Bar News - June 9, 2006
Bar Foundation Annual Dinner Celebrates and Looks Ahead
By: Susan Noon
With grant funding reaching a record high of over $1.7 million this year, the New Hampshire Bar Foundation had much to celebrate at their Annual Dinner on May 11. More than 225 lawyers, bankers, donors, grant recipients, and friends gathered to recognize their colleagues and pay tribute to the significant accomplishments of the past year. Through its IOLTA and Justice Grants programs, the Foundation is currently supporting two dozen organizations that provide civil legal services for the disadvantaged or law-related public education programs for New Hampshire residents.
Outgoing chair Paul W. Chant expressed the board’s appreciation to outgoing board members James Gleason, Marilyn McNamara, Emily Rice, and Steven Scudder. A moment of silence was held for former board member, Bob Dunning, who passed away in March. Russell Hilliard, the incoming Bar Foundation Chair, thanked Paul for his leadership over the past three years and his nine years of board membership. New board members Douglas P. Hill, Wilbur A. Glahn, Bonnie J. Boulanger, Lisa Wellman-Ally, and Kathleen M. Robinson were welcomed.
Attorney Elliott Berry from New Hampshire Legal Assistance (NHLA) was honored with the Frank Rowe Kenison Award acknowledging his dedication and exceptional service to New Hampshire’s disadvantaged populations and the homeless during the past 30 years. Elliott’s parents flew in from Michigan and joined several dozen of Elliott’s colleagues to congratulate him.
Attorney Mary Ann Dempsey of Wiggin & Nourie received the Robert E. Kirby Award for her excellent advocacy, civility and good humor. The award goes to an attorney 35 years or under. Mary Ann’s parents were in attendance along with 40 of her colleagues from Wiggin & Nourie.
In lieu of a keynote speaker this year, David Snyder, the Foundation’s executive director, chose to invite presenters from NHLA and NH Bar Association’s Law-Related Education (NHBA LRE) program to demonstrate the value of the work being done through Foundation grants. NHLA attorney Kay Drought gave an overview of the process and impact of advocacy work that has improved access to dental care for well over 70,000 of New Hampshire’s poor and disabled children. NHLA was able to devote time and resources to this class action lawsuit, thanks, in part, to an operating grant from the NH Bar Foundation. A mother of four, Aimee Grant, spoke about the positive impact it had on her family and the value of having a lawyer involved in addressing a systemic problem that actually required reforming the Medicaid dental program.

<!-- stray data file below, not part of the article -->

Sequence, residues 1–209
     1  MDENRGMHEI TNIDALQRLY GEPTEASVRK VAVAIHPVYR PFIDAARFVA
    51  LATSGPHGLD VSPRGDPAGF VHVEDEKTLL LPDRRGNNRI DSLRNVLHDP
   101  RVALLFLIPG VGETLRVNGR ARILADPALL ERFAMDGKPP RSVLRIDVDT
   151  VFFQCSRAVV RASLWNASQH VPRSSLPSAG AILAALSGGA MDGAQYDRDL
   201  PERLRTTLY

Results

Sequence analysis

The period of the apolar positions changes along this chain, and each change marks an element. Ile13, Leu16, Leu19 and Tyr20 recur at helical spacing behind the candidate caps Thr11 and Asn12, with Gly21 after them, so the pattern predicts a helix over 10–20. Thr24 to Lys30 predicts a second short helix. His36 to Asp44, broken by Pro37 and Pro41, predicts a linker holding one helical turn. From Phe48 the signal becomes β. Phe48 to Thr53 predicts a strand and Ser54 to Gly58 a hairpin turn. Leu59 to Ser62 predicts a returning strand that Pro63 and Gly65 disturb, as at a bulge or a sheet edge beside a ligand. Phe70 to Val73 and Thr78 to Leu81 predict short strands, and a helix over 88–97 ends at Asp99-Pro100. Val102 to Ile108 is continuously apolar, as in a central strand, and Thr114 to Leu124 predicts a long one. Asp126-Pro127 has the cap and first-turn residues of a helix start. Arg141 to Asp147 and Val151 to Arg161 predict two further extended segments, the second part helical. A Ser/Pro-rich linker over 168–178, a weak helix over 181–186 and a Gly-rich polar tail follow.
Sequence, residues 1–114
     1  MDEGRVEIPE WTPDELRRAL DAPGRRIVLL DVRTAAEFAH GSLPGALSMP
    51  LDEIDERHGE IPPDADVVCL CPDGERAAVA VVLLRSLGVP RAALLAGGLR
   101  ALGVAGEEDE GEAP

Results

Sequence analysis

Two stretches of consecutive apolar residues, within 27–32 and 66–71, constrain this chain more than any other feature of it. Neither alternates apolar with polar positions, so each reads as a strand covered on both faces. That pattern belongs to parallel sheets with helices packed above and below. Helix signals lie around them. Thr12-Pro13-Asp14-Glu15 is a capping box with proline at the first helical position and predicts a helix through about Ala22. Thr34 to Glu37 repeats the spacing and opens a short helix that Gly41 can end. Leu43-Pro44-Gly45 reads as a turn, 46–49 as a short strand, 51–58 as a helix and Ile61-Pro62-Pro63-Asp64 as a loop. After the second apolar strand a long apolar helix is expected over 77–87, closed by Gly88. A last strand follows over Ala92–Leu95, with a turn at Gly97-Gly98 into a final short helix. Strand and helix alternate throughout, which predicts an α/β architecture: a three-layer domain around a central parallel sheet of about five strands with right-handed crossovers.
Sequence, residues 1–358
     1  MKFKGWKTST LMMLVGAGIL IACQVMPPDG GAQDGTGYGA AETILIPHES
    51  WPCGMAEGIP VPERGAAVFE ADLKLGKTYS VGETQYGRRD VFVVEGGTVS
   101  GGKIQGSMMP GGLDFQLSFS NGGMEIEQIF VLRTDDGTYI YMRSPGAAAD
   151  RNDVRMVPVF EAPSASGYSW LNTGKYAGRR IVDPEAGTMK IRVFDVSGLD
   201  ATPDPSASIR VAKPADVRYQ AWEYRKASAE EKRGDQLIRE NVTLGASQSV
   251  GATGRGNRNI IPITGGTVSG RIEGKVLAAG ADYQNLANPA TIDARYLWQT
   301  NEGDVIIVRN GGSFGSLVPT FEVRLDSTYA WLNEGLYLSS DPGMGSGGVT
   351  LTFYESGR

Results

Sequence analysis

Five Milford High School students — Nikki Caravella, Tom Parisi, Kristen Bohkan, Steve Place, and Kristen Green — representing this year’s team of state champions of “We the People and the Constitution” competition, restaged a portion of the competition so the legal community could gain greater understanding of the value o fthis Foundation-funded program. Accompanied by their teacher, Dave Alcox, and the Bar’s LRE coordinator, Valenda Morrissette, the students “had a great time” having dinner with 200 attorneys, bankers, and friends. When their time came to present the program, they gallantly fielded challenging questions on constitutional law from a judges’ panel consisting of Howard J. Zibel, General Counsel for the NH Supreme Court, Attorney Marilyn McNamara, director of Legal Advice and Referral Center, and Attorney Martha Van Oot of Orr & Reno. Dressed in coordinated dark suits, members of the student team offered interpretations and opinions on specific aspects of the Constitution in response to questions posed by the judges, clearly demonstrating their thorough examination and understanding of the landmark legal document.